Friday, September 17, 2010

Tom Robinson - Glad To Be Gay (Secret Policeman's Ball)

Here's what you need to know to put this in context historically. Or queer-storically.

In 1979, in London, there was a fundraiser for Amnesty International. They asked Tom Robinson, "the most prominent gay rock star," to perform for them, even though at the time, Amnesty "refused to acknowledge gay prisoners as human rights cases."

here's one lyric:
Have you heard the story about Peter Wells
Who one day was arrested and dragged to the cells
For being in love with a man of 18
The vicar found out they’d been having a scene
The magistrates sent him for trial by the Crown
He even appealed but they still sent him down
He was only mistreated a couple of years
Cos even in prison they look after the queers

Tom explained

What happened to Peter Wells was a genuine scandal and a reason to be very f[***]ing angry. But, specifically with the Secret Policeman’s Ball, Amnesty had ruled that gays did not count as political prisoners and therefore they didn’t support gay prisoners. That’s why I was singing it and that’s why I was so angry, because I was singing it to an Amnesty audience. Hence the venom. Amnesty asked me to come and perform, OK, well have this then.

I think this was very brave of Tom, and still has so much power today. And Tom and this song were part of the movement that changed things to where Today, Amnesty International DOES fight for Lesbian, Gay, Bisexual and Transgender Rights - because our rights are finally understood as being Human Rights. But we still have a distance to go to get to full equality. There's still a lot to be angry about. We still have to raise our voices to protest injustice. We still have to be proud!

Check out more about Tom Robinson and his performance at the Secret Policeman's Ball here.

My thanks to Daniel for sharing this with me, so I could share it with you!

Sing if you're glad to be gay,
Sing if you're happy this way!

(I'm going to be singing that - as an Anthem of fierce pride - all weekend!)



Steph said...

I love this! =D Scary homophobic preacher Brother Jed came to my campus last tuesday, and though I knew that there was a silent protest planned, I had no idea how effective it was going to be. As I came out of class I saw that he was freaking surrounded by sign carriers, and random people who might not have heard he was coming but still stuck around to support us; not to mention others who decided that they did not want to protest silently. Too bad no one started singing this song when Jed started singing his gay song! It was still a wonderful reminder that the LGBTQA community is actually a community, and even though we still have to deal with shit, we are fighting it and winning!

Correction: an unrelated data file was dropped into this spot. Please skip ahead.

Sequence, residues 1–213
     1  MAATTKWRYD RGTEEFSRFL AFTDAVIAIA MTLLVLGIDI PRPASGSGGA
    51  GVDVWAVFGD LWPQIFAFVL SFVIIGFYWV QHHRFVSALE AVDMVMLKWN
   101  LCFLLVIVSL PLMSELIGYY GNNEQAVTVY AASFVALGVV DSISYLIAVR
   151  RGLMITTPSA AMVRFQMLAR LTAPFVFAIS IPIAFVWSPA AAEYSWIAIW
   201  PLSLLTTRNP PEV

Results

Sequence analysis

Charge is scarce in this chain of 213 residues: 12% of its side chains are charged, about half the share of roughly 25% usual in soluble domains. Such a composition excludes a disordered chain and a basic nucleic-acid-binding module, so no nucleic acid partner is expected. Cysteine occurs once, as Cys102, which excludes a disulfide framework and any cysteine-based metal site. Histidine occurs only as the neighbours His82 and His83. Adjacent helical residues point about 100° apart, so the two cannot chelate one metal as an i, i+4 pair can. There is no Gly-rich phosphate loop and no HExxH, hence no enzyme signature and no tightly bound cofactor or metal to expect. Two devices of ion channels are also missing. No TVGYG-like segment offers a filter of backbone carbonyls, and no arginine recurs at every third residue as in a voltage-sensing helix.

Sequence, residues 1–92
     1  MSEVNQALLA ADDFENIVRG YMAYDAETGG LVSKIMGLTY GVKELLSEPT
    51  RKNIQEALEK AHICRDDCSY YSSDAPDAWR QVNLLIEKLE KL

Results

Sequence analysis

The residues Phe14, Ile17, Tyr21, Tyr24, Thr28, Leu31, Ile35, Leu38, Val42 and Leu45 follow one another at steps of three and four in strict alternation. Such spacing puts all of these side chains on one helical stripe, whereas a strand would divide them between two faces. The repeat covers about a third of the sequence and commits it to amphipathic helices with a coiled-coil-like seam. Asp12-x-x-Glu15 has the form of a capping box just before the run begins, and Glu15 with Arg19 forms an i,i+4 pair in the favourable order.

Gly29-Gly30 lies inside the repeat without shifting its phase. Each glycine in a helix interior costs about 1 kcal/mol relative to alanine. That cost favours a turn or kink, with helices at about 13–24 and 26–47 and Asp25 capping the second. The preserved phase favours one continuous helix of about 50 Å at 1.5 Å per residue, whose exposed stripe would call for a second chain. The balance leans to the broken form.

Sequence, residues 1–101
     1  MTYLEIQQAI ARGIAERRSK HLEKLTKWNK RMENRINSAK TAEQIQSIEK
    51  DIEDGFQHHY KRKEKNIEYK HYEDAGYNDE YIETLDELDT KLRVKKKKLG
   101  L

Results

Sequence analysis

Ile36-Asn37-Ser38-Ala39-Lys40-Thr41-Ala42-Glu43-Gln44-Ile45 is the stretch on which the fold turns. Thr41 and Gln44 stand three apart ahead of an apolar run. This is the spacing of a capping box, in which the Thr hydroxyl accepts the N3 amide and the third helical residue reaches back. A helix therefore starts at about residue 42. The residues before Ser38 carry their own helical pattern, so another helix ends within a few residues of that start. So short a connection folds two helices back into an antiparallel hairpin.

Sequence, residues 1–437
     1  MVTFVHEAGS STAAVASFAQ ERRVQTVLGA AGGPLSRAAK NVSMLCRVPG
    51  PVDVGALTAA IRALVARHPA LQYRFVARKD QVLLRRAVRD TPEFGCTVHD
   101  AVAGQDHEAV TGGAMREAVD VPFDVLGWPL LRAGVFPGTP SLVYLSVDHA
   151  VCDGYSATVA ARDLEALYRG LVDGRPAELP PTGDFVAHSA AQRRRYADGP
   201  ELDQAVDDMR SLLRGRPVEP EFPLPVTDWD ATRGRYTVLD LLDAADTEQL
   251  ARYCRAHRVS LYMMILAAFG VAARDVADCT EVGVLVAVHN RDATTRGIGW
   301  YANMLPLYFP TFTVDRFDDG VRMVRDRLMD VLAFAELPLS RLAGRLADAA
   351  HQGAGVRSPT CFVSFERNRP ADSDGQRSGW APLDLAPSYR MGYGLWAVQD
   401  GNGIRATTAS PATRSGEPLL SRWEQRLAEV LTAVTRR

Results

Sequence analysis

Someone even posted a video of the protest on youtube (I am one of the sign carriers):

So yeah, I AM glad to be gay!

Lee Wind, M.Ed. said...

Thank you so much for your comment Steph, and the link. I love the video of the protest - especially the moment about 1:30-1:50 in, when you see that all of you with your equality signs have surrounded the hate preacher and muffled his impact with your steadfast strength and resolve - like you're protecting your community from that contamination. It's really powerful!
Keep on fighting the good fight for equality for all!
And I'm GLAD to be Gay, too!

ivanova said...

One more awesome thing about Tom Robinson. He ended up falling in love with a woman and marrying her, but he did not stop identifying as gay. He basically just said, "Stop being so narrowminded, the whole point is to love who you love."

I think Steph's video is great--the signs are fabulous, and I didn't even know the homophobic preacher was in there until halfway through. His wacko message was definitely drowned out. And it looks like people were having fun.


merrick said...

Hi Lee,

I'm so pleased you picked up on this song from my blog.

I'd just like to let folks know that Tom Robinson reworked the lyrics many times over the years, keeping the meaning and references current.

I've done a website with seventeen different versions, with all the lyrics transcribed, references explained, and streaming audio and free MP3 downloads, as well as an interview with Tom about it all.

It's up at

Lee Wind, M.Ed. said...

what an amazing resource!!!
Thank you.